Interestingly, the makers seem to know this and openly encourage you to avoid fights altogether by providing Faith with a shield of sorts called Focus, which makes her just about bulletproof as long as her speed and momentum are not interrupted. But again, as precision is an absolute, that momentum is can be stunted by environments that if mistimed, leave Faith stuck in a combat. Certainly, as time and practice make these events occur less frequently, it’s a hard challenge to overcome.

Meanwhile, as Faith scurries around the roofs and unlocks missions and unlockables, there is an upgrade system that reveals where developers missed the mark the most. That begins by needlessly making the player progress to obtain even basic parkour moves, and while this system is by no means restricted to Mirror’s Edge Catalyst, it is frustrating here as none feel earned and most seem like something Faith would be doing instinctively. Fortunately, it doesn’t take long to get most of the essential ones unlocked fast.

Let’s talk about the environments. This is a mixed bag because there are times when it’s simply jaw-dropping, especially while zipping along the high ledges and making swings over great chasms between tall buildings. There is a often a very nice sense of speed and movement. But there is a sterility to it all as well, the landscape a wash of florescent whites dotted with colored shapes. By no means is it meant to be realistic, but it also lacks that extra sense of style that should give it more life. The characters and animations all sort of feel like previous generation and for gamers growing accustomed to high end details in their graphics, this could disappoint. Still, it settles in and after a while, as I found myself playing more, I appreciated the aesthetic as it made identifying patterns and objects for movement easier to find.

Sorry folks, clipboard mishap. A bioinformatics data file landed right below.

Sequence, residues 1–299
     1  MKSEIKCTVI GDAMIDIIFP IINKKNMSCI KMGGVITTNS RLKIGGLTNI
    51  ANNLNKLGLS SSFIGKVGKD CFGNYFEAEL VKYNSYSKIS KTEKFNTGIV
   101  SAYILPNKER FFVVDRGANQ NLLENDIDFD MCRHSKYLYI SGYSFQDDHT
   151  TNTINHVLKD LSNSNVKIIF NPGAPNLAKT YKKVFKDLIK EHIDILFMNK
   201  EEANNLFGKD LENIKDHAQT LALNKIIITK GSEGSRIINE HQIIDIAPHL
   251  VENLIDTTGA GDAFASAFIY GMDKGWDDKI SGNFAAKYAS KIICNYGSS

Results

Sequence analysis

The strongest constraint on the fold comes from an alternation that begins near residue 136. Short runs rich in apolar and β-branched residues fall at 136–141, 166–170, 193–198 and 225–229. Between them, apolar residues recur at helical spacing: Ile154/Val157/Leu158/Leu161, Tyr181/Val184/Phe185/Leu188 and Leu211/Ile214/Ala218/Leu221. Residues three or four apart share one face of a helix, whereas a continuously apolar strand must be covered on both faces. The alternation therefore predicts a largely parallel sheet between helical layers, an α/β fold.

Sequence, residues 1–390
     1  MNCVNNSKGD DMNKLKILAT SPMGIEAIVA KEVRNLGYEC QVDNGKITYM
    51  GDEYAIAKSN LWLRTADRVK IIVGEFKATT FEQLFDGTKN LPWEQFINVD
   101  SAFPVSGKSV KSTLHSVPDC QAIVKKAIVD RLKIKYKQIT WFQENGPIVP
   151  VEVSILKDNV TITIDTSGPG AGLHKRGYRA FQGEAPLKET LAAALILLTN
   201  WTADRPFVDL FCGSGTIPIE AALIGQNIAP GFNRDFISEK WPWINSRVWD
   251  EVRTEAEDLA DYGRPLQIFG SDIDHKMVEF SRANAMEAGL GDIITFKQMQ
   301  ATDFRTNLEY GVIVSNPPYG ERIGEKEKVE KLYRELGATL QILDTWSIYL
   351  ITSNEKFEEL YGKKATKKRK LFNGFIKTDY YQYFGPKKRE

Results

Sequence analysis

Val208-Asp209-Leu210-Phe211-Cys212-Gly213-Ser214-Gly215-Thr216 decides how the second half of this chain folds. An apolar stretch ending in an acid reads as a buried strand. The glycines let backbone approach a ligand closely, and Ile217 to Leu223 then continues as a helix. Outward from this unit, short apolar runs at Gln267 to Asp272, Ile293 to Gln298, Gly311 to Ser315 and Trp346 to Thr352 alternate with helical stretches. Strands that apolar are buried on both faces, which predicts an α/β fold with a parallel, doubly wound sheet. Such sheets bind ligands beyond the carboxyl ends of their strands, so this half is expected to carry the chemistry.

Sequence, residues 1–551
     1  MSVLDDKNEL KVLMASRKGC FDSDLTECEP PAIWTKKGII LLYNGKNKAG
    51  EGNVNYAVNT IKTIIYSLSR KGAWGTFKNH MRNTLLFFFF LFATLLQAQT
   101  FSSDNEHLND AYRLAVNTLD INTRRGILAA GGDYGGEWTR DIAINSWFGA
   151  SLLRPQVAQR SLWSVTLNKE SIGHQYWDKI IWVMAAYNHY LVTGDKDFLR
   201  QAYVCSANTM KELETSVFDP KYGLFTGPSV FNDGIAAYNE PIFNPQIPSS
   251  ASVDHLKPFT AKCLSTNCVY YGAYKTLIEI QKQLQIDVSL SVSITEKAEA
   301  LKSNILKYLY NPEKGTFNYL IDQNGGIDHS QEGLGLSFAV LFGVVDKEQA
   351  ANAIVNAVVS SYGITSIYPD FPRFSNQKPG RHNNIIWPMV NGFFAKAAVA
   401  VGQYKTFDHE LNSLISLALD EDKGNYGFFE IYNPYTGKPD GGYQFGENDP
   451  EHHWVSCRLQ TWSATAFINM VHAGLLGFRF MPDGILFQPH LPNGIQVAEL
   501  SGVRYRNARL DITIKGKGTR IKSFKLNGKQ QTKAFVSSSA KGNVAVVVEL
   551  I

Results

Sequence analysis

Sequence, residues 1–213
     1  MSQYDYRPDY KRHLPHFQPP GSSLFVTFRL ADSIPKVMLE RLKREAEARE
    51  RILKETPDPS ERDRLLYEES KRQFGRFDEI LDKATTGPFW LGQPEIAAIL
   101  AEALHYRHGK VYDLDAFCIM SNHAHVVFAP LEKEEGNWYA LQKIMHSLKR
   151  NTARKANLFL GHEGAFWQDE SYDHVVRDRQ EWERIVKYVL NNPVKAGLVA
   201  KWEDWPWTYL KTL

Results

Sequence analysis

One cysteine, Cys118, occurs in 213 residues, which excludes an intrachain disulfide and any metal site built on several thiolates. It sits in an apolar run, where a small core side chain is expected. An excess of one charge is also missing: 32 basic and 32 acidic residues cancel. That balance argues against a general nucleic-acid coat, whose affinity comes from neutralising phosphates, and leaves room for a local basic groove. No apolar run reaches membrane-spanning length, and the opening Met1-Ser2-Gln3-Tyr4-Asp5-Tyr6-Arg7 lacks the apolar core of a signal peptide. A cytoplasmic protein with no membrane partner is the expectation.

That brings us to the story, one that gets convoluted by nature, as does so many of the open world multiple side-quest games. The tropey evil conglomerate story is neither engrossing or memorable, and the cast of paper-thin characters does little to keep it engaging. Nearly every NPC stands in one place and repeats their dialogue over and over even if you just pass by them, and I lost interest in the main quest once the numerous side missions, races, and time trials became available. In truth, the story, by design, is only meant to give Faith an excuse to run, and that’s all you’ll want to do with her anyway.

And there’s where the most redeemable part of Mirror’s Edge Catalyst lies, with exploring the paths and shortcuts, learning the tricks and combinations, and just getting Faith running as fast as she can go. While the game is flawed, much like the original, it is at least continuing its tradition of innovation. I’ll admit I was hoping for more of that, but at least there are moments when everything feels perfect and getting in the zone has never felt better in a video game.

Mirror's Edge Catalyst (2016)

Game Credits

Publisher: Electronic Arts
Platform: Microsoft Windows, PlayStation 4, Xbox One
Release: June, 2016
Genre: Action-adventure, platform
Mode: Single-player, multiplayer